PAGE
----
Jaci Kettler has had anything but a typical college experience.
The soon-to-be Baker University graduate received a diagnosis of non-Hodgkin lymphoma just after she completed her sophomore year. Though she spent nine days in a medically induced coma, she bounced back and didn't miss a semester of class.
On Sunday, Kettler will graduate with degrees in political science and international studies in just four and a half years. She even studied abroad during that time.
"No one suspected cancer because I was young and healthy," said Kettler, of Williamsburg. "The experience made me able to empathize. It gave me a life experience that is fairly unique."
Kettler said she chose to attend Baker because she wanted to go to a school where she knew she would be able to get to know her professors and classmates - and staying close to her family was a benefit too. Both being near home and the small community proved to be beneficial when she received the cancer diagnosis.
"The amount of support I had while in the hospital was great," Kettler said. "I got cards from people I didn't even know."
Her mom, Sondra Kettler, said watching her daughter go through cancer was an unexplainable experience.
"It's the worst thing that can happen to a parent - to have a child diagnosed with cancer," Sondra Kettler said. "We didn't even know if she could survive the pneumonia she had, let alone handle the cancer."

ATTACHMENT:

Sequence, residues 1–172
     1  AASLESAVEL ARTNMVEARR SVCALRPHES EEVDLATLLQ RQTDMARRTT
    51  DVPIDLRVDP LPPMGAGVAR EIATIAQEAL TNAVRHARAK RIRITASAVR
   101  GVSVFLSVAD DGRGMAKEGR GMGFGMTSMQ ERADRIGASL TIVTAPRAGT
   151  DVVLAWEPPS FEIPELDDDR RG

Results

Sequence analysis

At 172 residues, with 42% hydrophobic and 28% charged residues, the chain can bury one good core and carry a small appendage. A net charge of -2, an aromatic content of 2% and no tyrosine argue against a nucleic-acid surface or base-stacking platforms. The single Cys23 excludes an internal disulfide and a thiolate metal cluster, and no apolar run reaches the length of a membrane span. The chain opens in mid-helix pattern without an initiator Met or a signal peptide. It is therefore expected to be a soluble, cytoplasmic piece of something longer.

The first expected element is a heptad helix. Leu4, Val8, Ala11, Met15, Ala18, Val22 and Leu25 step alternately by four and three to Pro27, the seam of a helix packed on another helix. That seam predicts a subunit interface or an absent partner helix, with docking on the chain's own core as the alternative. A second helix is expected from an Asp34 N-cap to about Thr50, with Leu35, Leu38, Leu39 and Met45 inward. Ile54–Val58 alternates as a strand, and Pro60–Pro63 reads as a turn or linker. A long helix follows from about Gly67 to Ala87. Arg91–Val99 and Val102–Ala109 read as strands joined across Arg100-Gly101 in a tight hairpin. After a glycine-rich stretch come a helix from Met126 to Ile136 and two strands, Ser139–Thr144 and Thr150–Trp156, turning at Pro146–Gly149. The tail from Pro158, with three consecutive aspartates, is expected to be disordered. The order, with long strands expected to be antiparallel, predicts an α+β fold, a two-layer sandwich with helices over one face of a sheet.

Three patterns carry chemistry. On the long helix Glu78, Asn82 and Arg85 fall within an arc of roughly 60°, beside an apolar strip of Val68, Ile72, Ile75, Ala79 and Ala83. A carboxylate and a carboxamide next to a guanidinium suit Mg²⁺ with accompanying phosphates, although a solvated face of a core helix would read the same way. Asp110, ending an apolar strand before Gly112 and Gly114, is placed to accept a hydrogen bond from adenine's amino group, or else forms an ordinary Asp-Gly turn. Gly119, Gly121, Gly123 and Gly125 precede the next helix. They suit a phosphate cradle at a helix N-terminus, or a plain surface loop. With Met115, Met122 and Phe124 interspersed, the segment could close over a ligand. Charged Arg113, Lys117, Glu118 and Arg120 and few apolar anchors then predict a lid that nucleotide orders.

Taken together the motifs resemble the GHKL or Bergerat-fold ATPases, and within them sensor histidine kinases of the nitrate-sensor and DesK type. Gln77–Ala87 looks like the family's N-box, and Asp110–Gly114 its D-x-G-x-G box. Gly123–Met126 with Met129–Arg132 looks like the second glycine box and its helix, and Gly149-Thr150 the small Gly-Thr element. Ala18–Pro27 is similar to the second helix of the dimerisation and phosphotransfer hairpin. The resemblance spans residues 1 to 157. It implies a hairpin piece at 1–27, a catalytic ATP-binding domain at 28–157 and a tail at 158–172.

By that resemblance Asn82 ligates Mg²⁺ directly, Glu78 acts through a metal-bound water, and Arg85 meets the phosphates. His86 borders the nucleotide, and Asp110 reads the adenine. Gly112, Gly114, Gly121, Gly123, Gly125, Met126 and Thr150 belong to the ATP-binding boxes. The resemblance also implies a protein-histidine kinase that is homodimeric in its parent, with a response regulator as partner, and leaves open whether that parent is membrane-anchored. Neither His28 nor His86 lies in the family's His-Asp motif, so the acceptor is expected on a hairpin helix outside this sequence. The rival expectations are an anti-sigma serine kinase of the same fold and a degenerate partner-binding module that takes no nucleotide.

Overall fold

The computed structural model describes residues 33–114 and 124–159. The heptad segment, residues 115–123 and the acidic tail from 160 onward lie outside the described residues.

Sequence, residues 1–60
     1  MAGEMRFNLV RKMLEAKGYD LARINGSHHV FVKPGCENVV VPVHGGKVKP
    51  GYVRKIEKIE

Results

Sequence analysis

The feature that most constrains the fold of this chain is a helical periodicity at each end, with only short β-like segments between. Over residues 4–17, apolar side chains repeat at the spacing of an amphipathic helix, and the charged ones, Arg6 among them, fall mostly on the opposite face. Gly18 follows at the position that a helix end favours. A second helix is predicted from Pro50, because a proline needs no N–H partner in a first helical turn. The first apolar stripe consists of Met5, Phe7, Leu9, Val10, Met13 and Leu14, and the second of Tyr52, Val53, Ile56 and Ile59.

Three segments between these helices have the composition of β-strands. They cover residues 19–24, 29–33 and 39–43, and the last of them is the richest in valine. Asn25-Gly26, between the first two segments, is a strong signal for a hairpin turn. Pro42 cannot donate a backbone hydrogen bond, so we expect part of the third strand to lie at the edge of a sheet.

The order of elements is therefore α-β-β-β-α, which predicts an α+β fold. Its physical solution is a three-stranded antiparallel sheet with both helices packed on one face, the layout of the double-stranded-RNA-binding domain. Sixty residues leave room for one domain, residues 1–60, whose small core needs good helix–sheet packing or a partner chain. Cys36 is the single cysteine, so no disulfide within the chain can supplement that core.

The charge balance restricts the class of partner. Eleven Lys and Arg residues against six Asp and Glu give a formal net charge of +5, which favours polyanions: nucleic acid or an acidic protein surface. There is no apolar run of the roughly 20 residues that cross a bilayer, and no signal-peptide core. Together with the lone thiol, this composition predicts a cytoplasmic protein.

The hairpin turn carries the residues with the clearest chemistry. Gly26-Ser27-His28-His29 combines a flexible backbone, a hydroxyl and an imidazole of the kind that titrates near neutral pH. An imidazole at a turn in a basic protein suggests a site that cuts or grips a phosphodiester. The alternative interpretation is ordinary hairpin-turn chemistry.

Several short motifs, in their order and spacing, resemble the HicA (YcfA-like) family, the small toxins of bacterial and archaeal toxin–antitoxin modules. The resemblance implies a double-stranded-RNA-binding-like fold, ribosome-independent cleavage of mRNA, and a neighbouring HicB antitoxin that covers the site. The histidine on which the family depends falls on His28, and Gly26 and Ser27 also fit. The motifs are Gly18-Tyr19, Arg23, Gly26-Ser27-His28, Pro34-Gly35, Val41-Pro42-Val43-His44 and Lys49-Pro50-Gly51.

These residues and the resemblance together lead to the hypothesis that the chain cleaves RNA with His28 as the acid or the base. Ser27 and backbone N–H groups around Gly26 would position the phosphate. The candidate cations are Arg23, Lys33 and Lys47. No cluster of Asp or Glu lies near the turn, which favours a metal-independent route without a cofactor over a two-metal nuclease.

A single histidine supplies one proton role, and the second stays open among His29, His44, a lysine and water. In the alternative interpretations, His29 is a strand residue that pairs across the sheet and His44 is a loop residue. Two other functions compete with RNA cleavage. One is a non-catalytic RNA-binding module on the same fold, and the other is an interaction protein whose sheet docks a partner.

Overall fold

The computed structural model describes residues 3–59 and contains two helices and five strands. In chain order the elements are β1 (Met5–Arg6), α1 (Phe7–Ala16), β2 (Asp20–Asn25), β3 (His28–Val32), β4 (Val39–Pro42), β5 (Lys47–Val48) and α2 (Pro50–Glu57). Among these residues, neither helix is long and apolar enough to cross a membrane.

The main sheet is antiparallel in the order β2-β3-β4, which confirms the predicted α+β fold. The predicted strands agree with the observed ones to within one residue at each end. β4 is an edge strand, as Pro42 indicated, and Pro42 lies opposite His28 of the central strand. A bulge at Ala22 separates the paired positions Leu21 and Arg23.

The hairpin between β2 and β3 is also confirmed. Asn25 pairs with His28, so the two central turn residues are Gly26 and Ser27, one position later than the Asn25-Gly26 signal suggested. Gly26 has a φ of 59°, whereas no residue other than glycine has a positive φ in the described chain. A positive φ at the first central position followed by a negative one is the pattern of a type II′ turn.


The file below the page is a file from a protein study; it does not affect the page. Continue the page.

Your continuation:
Jaci Kettler not only survived pneumonia, but her cancer has been in remission.
"She was really incredible through it all," Sondra Kettler said. "She was bound and determined to get back in school. I'm very proud of her. I admire her strength and determination."
And now, Jaci Kettler is preparing to go to school to get her doctorate, also in political science. She wants to eventually teach political science at a university and perhaps, become involved with state-level politics.
She has applied to graduate schools at Vanderbilt, Rice, the University of North Carolina and Duke. She acknowledges that moving to one of those colleges would be a big change for a woman who grew up in Williamsburg, which has about 360 people, and attending Baker, which has an enrollment of about 1,000 students.
"I'm just excited about the prospects of living a little different life," Jaci Kettler said. "It will be good for me to step out of my comfort zone."